Content strategy? FAQs answered

The world of publishing and creative has been challenged by the dawn of the online publishing model.

You are a publisher if you have a website, if you have a blog, if you tweet, if you write a Facebook post, if you respond in forums or participate in discussion groups. You are publishing content and to get the best action or reaction out of that content, you need a strategy.

Magazine and newspapers structure their content by category: features, opinion, breaking news, video. Then by channels they will publish the content, by daily broadsheet, weekend glossies online, etc. A content strategy is developed in the same way for web, mobile, and social media.

Key tasks in creating the content plan

1. What content do you have now?

Before you look at what you need, you need to ask yourself, what content have you already got? When you start looking it is amazing how much valuable content we all have stored on our computers that can be used to share our expertise, add value and to collaborate with.

Firstly, check it is up to date and ensure that now is the correct time to use it. Do try to find as much content as you can. Less is often more when it comes to great nuggets of information or experiences.

Next, check out your web analytics to see what areas of your current content is most popular. Use this information as the basis for your content plan.

2. Messaging and tone

Figure out if you want to be formal or less formal, writing in the first person. A lot of content has shifted to short form and is now driven by digital story-telling videos, short texts or images from a person. That said, you need to be sure how you want to present your business, a more formal approach maybe still required in your field.

Focus on one message, your USP (useful selling point) and build your messages out from there. The initial use of a listing format of the points you are trying to get across can really help you to focus.

Be clear, concise, up to date and focus on the value exchange in the communication that will drive a business outcome.

3. Set your policy and channel schedule

If you are going to invite staff to contribute or third party contributors to participate, you must have your ground rules in place.

For example:

  • Any disclaimers to protect you from their personal opinion
  • Approval processes
  • Ownership of content
  • Style guidelines

Set up an editorial schedule. (Excel/Google Docs – anything you find easy. Don’t over-complicate!) Plan out what content and what channel it will be published in. Much like my earlier analogy with the newspaper model. Once done, the content can be managed across all channels through a popular content management application like Hootsuite.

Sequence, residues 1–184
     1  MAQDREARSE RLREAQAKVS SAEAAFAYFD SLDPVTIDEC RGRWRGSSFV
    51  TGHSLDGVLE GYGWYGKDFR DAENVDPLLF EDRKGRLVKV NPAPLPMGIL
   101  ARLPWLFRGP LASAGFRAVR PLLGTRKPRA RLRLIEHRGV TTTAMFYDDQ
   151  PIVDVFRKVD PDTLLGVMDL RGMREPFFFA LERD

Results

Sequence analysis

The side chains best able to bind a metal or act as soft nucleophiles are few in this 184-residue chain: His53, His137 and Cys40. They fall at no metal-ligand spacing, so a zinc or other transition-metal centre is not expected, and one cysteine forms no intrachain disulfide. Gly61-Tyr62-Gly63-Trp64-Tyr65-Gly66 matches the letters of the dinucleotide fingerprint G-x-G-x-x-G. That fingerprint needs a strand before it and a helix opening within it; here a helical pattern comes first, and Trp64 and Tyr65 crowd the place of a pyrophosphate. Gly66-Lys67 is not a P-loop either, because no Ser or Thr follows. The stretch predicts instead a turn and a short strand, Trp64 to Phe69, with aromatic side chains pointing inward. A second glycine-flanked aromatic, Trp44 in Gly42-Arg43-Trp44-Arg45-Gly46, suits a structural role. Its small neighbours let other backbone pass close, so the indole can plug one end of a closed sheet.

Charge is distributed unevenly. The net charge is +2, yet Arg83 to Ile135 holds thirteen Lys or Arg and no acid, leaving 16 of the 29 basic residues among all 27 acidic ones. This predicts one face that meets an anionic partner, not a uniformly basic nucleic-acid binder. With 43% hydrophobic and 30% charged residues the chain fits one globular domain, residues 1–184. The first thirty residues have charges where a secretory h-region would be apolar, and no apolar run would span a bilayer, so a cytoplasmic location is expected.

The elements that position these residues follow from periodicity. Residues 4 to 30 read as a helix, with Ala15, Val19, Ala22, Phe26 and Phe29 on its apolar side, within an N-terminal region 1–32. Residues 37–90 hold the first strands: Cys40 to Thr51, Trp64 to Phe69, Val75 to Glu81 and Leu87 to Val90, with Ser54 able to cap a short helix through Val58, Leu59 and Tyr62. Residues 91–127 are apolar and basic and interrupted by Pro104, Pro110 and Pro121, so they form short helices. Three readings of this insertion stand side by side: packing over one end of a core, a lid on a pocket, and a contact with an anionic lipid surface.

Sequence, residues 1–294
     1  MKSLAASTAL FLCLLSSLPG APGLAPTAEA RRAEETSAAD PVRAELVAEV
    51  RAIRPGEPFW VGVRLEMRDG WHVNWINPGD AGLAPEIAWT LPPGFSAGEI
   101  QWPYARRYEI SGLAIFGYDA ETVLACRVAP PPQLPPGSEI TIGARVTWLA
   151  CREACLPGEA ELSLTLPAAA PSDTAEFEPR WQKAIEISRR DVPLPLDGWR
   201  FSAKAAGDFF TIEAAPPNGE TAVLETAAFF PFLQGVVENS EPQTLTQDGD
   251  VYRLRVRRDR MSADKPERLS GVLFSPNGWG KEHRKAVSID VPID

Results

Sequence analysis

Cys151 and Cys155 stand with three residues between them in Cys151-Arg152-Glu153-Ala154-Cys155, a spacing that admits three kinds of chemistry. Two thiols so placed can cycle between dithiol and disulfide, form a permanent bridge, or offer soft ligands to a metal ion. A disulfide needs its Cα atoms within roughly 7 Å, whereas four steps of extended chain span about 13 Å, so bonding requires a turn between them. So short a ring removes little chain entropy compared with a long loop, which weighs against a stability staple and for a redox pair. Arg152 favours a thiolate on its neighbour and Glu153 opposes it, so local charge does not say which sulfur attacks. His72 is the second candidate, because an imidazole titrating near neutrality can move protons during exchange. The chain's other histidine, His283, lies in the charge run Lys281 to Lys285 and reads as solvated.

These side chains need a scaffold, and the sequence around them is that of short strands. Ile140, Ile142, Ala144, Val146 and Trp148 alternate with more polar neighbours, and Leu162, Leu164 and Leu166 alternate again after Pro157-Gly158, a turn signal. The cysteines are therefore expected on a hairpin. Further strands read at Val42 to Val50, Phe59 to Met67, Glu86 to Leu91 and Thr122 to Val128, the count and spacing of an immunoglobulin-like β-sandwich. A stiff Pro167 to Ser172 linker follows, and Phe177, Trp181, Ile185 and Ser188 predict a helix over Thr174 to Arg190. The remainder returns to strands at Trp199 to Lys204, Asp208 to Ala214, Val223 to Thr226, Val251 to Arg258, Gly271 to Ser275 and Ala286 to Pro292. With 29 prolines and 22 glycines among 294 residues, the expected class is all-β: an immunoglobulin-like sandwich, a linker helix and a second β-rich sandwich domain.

4. How can I create content when I already have no time?

Involve other collaborators, peers and your staff. It doesn’t have to all land on you. Once you have done the basics above, you have set your plan in place and given a brief to other contributors, you are well on your way. The initial set up will take time, but thereafter a good content manager or part-time specialist can run it.

5. I’m a solo business operator. Do I really need a content strategy?

Having a content strategy will do more of the work for you! It will make you look larger than you are by maximising your online presence, increase ROI and improve SEO.

6. I work in a larger organisation. How do I justify a content strategy to my boss?

Content is gold. It can reach audiences and generate an action. Content is measurable against an action, for example, by tracking web analytics. The other beauty is you can adapt and optimise the content as you watch the reaction to your users on the analytics tracking. In addition to this, if you get it right your SEO budget will soon be optimised.

7. I am still struggling with all of this. Where do I turn?

If you have budget to invest in a digital strategy or campaign, you are well advised to direct a good proportion of your budget to content strategy. It is more important than in-depth design. Usability (experiential) and content are in my opinion the two single most important aspects to get a web or mobile presence right.

If you are a small or solo business and are struggling with digital, there are some amazing LinkedIn small business groups, full of people who will help you in a more personal way, rather than trying to follow an online editorial or guide. Also look closer to home. Most of us know an avid blogger these days (it might be your teenage son upstairs!). Ask for their help. Once you have your plan and editorial structure in place it becomes good fun.

Fi Bendall is the managing director of digital and interactive consultancy company Bendalls Group. With over 20 years’ experience, Bendall has worked with global brands including BBC and Virgin, and is an expert in how businesses can approach strategy in the digital world. You can follow her on Twitter at @FiBendall, and can contact her through Bendalls Group.

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